Personally, I feel for both sides.
Radical Islam stirs in China’s remote west
KASHGAR, China (Reuters) – In a backstreet of the old Silk Road city of Kashgar, the Chinese government has been spray-painting signs on dusty mud brick walls to warn against what it says is a new enemy — the Islamic Liberation Party.
Better known as Hizb ut-Tahrir, the group says its goal is to establish a pan-national Muslim state, or Caliphate.
China says Hizb ut-Tahrir are terrorists, and claim they operate in the far western region of Xinjiang, home to some 8 million Muslim, Turkic-speaking Uighurs, many of whom chafe under Chinese rule.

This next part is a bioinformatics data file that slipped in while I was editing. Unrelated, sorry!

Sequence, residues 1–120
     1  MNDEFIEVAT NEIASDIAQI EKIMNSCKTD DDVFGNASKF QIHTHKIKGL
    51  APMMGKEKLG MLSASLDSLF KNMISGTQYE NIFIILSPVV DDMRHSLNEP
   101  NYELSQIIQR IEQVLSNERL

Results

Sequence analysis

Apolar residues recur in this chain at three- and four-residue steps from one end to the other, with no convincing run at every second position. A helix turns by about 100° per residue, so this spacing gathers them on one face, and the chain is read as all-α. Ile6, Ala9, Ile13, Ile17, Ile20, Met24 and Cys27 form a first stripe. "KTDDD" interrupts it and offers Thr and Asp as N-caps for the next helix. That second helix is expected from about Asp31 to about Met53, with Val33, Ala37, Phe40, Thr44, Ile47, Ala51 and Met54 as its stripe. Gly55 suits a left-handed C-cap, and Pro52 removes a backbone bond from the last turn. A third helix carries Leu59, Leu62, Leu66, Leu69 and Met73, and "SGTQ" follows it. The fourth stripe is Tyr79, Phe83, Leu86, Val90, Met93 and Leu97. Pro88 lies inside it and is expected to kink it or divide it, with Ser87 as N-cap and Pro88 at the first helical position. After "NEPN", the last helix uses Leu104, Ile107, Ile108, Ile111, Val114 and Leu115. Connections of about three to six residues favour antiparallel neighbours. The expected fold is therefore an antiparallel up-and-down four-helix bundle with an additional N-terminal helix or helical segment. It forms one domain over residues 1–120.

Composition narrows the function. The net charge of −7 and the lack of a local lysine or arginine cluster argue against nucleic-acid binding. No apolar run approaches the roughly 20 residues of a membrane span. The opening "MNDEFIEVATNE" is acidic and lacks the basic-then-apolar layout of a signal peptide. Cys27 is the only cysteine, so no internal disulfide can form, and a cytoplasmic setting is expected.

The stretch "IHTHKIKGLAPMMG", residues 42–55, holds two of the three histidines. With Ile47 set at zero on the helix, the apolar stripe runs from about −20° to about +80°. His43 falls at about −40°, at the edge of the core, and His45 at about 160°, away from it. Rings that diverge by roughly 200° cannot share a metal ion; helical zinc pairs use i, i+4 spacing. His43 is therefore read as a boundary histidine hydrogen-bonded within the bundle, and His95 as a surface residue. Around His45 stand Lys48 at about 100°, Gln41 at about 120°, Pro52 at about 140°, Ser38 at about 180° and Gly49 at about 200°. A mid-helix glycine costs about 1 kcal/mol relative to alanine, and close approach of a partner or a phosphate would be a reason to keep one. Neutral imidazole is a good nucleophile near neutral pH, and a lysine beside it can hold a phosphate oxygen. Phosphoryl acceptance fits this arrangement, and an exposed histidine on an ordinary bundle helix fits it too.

But the group, and some observers, say they do not espouse violence, and they accuse China of playing up the threat as an excuse to further crack down in restive Xinjiang, especially ahead of this summer’s Beijing Olympics.
“Strike hard against the Islamic Liberation Party” and “The Islamic Liberation Party is a violent terrorist organization” read the signs in Kashgar, written in red in both Chinese and Uighur’s Arabic-based script.